The ceremonies included several hundred guests, but was a downsized verion of the opening celebration that was called off after concerns about bolts on the bridge left the opening date in question.
Following a ceremony featuring speeched from various bridge officials, Lt. Gov. Gavin News performed the ceremonial chain cutting at the newly refurbished toll plaza with help from San Francisco Mayor Ed Lee and Oakland Mayor Jean Quan. Gov. Jerry Brown is at a family function in Michigan and could not attend Monday's events. Several speakers at today's ceremony remarked upon the lengthy process of getting the new span designed and built after the 1989 Loma Prieta earthquake collapsed part of the upper deck of the old cantilever bridge, which opened in 1936.
Metropolitan Transportation Commission executive director Steve Heminger cited the many challenges faced during the project, some with technical issues like the broken bolts and others involving political battles over the span's design that led to escalating costs.
The bridge is opening "at long last," Heminger said. "This truly is a landmark event."
State Sen. Mark Leno, D-San Francisco, said legislators "will review and learn from our mistakes" to ensure that similar delays and cost overruns do not happen on other large infrastructure projects in the state.
Other speakers chose to highlight the beauty of the bridge, including San Francisco Mayor Ed Lee, who said the new span "serves as a monument to creativity and ingenuity," while state Sen. Loni Hancock, D-Oakland, said it will serve as "a gorgeous piece of public art" in the Bay Area.
There is still plenty of work to be done after today's ceremony before the bridge opens to the public. The toll takers have to arrive for work at the toll plaza. CHP officers have to get in place to handle the first crowds and the entire bridge has to be swept clean.
The California Highway Patrol will deploy officers on the bridge once it opens to make sure motorists are following the 50 mph speed limit and are not pulling over to look at the bridge, Officer Daniel Hill said.
After the bridge does open, CHP officers in patrol cars will be blocking lanes in front of traffic to keep auto speed "nice and low," Hill said.
CHP officers want to make sure that drivers do not succumb to the temptation of stopping to view the new bridge while driving on it and anyone who blocks traffic will be cited, Hill said.
At a Sunday evening news conference, Caltrans said demolition on an old section of the bridge has been completed. On the western lanes of the toll plaza they have some striping to do. On the eastern side they have some paving and striping to do.
Some of this weekend's work includes changes for FasTrak users and how they get on the bridge. The new view as you approach the Bay Bridge toll plaza shows the need for Fastrak drivers and those paying cash to get into separate lanes earlier than before. The idea is to ease congestion. And there's an extra Fastrak lane if you get on the bridge from I-880 or West Grand Avenue.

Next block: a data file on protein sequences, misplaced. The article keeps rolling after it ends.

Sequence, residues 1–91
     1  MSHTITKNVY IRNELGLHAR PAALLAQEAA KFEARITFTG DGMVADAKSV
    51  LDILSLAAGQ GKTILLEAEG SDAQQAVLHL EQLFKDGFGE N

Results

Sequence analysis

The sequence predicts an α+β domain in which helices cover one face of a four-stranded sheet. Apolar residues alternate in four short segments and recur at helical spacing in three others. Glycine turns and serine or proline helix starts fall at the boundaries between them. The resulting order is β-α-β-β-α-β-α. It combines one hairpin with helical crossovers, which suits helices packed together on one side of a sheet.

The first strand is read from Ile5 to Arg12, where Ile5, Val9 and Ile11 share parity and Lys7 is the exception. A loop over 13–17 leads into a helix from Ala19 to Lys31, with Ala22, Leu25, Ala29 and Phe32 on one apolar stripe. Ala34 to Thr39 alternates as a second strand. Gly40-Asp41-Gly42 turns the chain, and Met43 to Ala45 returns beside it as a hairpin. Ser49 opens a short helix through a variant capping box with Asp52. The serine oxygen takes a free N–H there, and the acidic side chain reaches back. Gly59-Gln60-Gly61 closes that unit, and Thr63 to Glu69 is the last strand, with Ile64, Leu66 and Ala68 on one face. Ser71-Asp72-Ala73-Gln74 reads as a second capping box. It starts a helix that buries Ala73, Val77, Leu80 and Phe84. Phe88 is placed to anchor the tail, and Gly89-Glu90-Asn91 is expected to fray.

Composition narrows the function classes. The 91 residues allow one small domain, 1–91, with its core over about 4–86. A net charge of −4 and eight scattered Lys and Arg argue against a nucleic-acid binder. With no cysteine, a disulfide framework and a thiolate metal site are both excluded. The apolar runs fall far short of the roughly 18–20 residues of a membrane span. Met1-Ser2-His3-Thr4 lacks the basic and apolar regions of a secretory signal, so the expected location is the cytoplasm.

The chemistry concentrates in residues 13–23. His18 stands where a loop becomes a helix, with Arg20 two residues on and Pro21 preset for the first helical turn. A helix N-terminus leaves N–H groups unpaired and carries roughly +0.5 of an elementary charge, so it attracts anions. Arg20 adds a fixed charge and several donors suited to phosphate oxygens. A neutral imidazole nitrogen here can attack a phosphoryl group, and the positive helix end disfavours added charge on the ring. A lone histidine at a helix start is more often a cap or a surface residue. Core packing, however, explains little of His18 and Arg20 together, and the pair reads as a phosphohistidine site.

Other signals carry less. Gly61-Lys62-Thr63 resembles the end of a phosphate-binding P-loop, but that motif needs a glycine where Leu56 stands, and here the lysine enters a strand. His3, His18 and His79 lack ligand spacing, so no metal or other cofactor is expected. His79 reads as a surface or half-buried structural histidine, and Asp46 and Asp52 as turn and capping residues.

"We've removed the toll booth that was previously here so you get a little bit of open road tolling," said Goodwin. "No more need to slow down to 25 mph as you pass through the toll plaza, you can continue at highway speed."
Workers continued chipping away at the old span in order to make room for the bike and pedestrian path on the new bridge. They'll install a temporary path that heads into Oakland until the permanent fixture is completed within a year.
The tunnel on Yerba Buena Island got a good scrubbing inside and out. You'll notice the lack of grime immediately.
The CHP is out in force at every entrance ramp to the bridge making sure no one gets past the barricades. Caltrans has guides stationed nearby to help drivers figure out how to get across the bay. Many were lured there by their GPS.
"With any roadway closure, we do see people coming to the closures unexpectedly," CHP Officer Daniel Hill said. "Sometimes they don't know what to do and they come into the cone areas."
On Saturday workers also finished hacking apart a section of the old span so they could install the new bike and pedestrian path that goes along the road deck. It'll run into Oakland and Emeryville and should be open to cyclists Tuesday at noon.
Ann Weber of Emeryville discovered the path by accident Saturday and quickly left because she didn't want to get in trouble. But she'll be back.
"Oh, I'll be happy to go on the Bay Bridge just to see how spectacular the new bridge is and to see the view," she said. "It's really gonna be exciting. I can't wait to go."
Bay City News contributed to this story.